Almost a third of headteachers at leading primary schools have been bribed or bullied by parents wanting a place for their children, a study claims.
A headteacher of a primary in Kensington, west London, was offered £5,000 a year by parents to secure a place for their child, researchers found. The study, by the BBC's Six O'Clock News, showed parents were applying increasing pressure on more than half of the head teachers at 50 of England's 100 leading primary schools.
About 32 per cent of headteachers had been offered cash, other inducements or threatened with violence. And 70 per cent of those questioned said parents lied on applications, commonly using a false address to qualify for the school's catchment area. One family even listed an empty field as its home.
Nearly three out of four headteachers have an increased work load due to admissions-related administration and greater demands from parents, the report says.
Dr Beverley Feather, headteacher at Clare House primary in Bromley, Kent, told the BBC: "Parents say they could help with communication technology if their child got in. One time I was offered money. 'Would £3,000 help the decision-making process?' Of course it wouldn't. It is solely based on distance from the home."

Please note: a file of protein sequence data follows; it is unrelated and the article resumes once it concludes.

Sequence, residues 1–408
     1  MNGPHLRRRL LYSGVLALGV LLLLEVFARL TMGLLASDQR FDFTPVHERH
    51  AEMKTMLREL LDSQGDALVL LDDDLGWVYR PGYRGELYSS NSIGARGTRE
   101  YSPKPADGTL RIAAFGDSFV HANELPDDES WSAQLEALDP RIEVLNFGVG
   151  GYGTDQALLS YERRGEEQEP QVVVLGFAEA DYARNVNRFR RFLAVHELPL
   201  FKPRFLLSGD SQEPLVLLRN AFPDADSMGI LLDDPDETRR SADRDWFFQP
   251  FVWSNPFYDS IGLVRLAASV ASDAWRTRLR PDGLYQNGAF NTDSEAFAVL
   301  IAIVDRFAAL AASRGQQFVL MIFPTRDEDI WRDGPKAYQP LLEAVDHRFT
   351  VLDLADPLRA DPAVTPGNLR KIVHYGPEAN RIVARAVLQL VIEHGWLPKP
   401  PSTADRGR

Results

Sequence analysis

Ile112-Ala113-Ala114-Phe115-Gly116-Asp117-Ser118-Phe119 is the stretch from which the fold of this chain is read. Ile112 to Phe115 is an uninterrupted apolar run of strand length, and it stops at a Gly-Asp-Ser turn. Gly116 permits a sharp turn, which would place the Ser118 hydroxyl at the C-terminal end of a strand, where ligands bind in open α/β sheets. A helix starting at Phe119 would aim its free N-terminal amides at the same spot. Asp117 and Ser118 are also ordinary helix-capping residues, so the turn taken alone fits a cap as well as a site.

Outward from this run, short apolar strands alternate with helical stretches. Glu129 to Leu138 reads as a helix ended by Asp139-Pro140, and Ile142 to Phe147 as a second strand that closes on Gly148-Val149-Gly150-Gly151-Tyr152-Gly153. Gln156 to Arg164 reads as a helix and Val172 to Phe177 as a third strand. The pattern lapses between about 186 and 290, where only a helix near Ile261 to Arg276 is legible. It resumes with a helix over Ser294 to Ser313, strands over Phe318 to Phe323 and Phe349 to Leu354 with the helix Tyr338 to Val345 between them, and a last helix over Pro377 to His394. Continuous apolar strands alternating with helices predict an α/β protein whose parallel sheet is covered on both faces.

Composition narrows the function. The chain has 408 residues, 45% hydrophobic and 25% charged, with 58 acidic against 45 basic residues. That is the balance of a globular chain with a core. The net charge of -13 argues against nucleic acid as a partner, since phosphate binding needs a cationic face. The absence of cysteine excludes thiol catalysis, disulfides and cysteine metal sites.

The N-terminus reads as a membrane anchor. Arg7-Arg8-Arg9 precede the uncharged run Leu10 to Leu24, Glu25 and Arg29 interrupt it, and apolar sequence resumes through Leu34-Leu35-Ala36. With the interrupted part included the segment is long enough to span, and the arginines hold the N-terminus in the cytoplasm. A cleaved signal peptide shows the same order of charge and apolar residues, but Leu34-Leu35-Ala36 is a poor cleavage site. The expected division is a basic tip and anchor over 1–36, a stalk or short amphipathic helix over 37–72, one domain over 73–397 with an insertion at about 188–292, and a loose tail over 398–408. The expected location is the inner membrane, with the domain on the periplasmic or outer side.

Clare Griffiths, headteacher of Parkview primary school in Derby, said although some parents offered bribes others resorted to threats in an attempt to secure places.
She said: "A gentleman in the first year the school opened came in to the school and said, 'It's a new school, you're building up your resources. If you will give my child a place you can have £2,000 to add to your library resources. You gain, and I gain.'" Describing an incident that involved the police after a father threatened her because his child was refused a place, she said: "He said he knew where I lived and that I had better offer the place or there would be consequences."
Madeline Brading, headteacher of Our Lady of Victories Roman Catholic primary school in Kensington, described an increase in pressure, saying parents "offered inducements but it's getting bigger now".
The Department for Education and Skills said last night that admissions policies were "a matter for schools and the local admissions authorities".